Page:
Bad quality sleep is also a contributory factor to ill health. Overall, money concerns, particularly any debts, impact on both a person's physical and mental health.

Is your work rewarding?

Because debt is so stressful, people are often paralysed and don’t know what to do. However, the situation might seem much worse than it actually is. We’re doing this every single day so we are able to look at it objectively with fresh eyes and quite quickly find possible solutions. Oftentimes it is simply a case of making someone aware of what options are available to them that they weren’t aware of before, thus empowering them.

Our key focuses are maximising income and reducing expenditure so people might be underclaiming benefits or not registered for council tax exemptions. There are also social tariffs available for broadband or water bills, which can sometimes reduce them by 20 per cent.

For us as advisers, we might have someone approach us in a certain state of mind and leave feeling noticeably better. It is very common that people find the whole experience quite emotional. They come to us with a lot on their shoulders, in a burdensome situation and they finish the call with an instant sense of relief and an increase in confidence and that’s a worthwhile moment to be able to experience.

How can I find out more?

Additional information about the Kent Money Advice Hub service and ways to access support is available at:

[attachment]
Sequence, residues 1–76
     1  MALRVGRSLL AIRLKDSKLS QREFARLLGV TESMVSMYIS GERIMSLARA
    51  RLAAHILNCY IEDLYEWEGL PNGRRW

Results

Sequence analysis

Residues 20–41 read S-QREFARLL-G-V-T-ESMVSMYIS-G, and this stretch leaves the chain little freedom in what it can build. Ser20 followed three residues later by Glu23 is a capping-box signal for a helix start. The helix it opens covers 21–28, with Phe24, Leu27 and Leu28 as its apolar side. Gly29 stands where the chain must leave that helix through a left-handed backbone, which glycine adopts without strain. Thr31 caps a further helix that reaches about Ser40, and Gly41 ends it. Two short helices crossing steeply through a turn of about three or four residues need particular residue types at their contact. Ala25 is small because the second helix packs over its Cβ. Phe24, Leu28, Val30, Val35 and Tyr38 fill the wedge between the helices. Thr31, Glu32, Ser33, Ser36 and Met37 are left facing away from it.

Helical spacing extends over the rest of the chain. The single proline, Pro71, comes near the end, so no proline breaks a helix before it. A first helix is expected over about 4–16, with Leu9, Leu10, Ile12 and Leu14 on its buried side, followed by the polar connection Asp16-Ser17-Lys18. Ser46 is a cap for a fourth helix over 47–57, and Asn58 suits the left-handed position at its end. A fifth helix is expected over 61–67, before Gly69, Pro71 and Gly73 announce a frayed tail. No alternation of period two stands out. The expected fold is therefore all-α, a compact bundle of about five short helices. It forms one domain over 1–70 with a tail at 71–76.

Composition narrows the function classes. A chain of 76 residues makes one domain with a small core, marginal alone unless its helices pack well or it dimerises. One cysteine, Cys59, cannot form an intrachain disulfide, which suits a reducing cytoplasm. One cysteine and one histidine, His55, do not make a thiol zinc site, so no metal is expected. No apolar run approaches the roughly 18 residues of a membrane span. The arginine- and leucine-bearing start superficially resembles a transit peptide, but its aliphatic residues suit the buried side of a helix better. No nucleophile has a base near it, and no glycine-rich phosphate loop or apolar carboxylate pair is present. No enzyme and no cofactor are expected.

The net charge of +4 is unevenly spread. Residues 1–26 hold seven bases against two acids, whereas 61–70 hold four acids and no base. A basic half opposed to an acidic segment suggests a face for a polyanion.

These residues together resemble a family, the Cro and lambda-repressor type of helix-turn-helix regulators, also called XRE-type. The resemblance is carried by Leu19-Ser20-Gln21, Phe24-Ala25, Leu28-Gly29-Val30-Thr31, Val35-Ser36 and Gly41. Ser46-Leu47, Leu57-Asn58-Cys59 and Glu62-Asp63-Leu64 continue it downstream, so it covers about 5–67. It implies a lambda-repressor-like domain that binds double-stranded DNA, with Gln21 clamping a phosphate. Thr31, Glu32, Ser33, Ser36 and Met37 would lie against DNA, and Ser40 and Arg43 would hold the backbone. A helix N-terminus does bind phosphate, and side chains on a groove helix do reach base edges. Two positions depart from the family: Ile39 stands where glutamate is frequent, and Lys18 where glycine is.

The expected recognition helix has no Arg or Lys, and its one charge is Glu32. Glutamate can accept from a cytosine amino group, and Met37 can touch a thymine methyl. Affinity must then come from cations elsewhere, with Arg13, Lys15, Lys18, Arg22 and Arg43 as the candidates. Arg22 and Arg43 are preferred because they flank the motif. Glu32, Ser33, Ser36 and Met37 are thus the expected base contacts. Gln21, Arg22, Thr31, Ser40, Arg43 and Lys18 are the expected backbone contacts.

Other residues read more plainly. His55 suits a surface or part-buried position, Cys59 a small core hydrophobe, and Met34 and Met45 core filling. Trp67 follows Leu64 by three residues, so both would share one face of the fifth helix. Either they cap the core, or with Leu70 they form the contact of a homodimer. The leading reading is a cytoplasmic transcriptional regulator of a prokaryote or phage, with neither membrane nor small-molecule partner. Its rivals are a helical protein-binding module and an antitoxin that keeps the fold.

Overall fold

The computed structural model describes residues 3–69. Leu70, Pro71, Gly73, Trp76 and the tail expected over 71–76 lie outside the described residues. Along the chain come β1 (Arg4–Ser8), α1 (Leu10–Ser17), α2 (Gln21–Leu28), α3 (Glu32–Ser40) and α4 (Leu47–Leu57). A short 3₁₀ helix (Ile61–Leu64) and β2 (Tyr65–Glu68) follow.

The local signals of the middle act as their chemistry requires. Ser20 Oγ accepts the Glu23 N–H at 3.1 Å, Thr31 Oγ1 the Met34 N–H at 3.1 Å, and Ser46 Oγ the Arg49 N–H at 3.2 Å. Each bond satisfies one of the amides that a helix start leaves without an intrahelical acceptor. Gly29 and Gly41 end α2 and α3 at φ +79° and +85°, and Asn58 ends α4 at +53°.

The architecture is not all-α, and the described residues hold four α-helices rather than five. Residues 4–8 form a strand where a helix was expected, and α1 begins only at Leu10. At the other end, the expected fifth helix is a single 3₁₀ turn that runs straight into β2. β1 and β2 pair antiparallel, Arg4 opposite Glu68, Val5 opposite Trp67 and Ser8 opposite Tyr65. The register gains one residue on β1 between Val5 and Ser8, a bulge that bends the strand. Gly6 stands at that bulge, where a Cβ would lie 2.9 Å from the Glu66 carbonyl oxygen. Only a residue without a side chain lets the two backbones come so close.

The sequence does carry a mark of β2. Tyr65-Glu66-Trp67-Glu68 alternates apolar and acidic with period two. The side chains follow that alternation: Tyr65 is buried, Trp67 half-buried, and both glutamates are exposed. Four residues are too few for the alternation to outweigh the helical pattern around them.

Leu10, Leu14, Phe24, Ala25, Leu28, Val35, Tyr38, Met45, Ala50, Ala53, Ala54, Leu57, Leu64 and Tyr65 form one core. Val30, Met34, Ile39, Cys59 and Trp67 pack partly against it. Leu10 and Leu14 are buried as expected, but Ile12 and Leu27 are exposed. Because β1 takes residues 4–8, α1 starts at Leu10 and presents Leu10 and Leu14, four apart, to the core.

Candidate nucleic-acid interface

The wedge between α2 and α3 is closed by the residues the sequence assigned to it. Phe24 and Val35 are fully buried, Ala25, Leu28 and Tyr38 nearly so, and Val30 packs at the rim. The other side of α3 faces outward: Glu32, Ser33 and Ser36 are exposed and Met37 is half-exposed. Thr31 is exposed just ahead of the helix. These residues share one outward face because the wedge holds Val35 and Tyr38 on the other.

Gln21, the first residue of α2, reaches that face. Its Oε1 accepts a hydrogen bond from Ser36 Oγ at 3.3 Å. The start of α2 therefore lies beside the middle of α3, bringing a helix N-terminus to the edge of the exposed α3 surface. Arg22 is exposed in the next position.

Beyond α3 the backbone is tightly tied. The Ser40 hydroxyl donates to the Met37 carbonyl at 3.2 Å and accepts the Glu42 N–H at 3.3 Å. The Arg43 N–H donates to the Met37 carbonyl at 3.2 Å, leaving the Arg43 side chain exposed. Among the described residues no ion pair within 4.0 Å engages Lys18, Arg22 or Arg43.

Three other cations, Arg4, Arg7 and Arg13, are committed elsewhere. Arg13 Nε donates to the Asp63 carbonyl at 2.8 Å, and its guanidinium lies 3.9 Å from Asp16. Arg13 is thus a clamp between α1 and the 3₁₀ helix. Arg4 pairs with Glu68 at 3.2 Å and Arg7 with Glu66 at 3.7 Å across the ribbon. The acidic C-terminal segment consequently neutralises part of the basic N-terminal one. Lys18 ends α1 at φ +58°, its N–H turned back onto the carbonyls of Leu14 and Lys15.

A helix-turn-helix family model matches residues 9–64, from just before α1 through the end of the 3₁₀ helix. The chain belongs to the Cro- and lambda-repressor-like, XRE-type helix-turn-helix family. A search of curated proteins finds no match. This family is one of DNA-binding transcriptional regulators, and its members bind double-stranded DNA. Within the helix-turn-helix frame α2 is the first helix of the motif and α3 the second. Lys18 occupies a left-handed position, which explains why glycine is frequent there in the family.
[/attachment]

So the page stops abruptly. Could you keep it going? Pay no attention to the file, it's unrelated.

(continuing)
You can also visit the Citizens Advice in North & West Kent (CANWK) website to learn more about the Kent Money Advice Hub service in our ‘News’ section of our website (

Some of the people the Hub has so far helped (names have been withheld for confidentiality):

Client A is a young single mother, living in a one-bedroom flat with her three-year old son. She suffers from a number of mental health issues (which include bipolar disorder and depression) and is the sole custodian of her son which has impacted her ability to take up employment. The client is reliant on benefits (Universal Credit and Discretionary Housing Payment) as sources of income. However, this did not cover the entirety of her housing costs.

The client contacted Citizens Advice as she was facing financial hardship and wanted help dealing with numerous debts, amounting to £4,833.50. She also wanted help with maximising her income and appealing her Personal Independence Payment (PIP) decision, for which she had been rejected.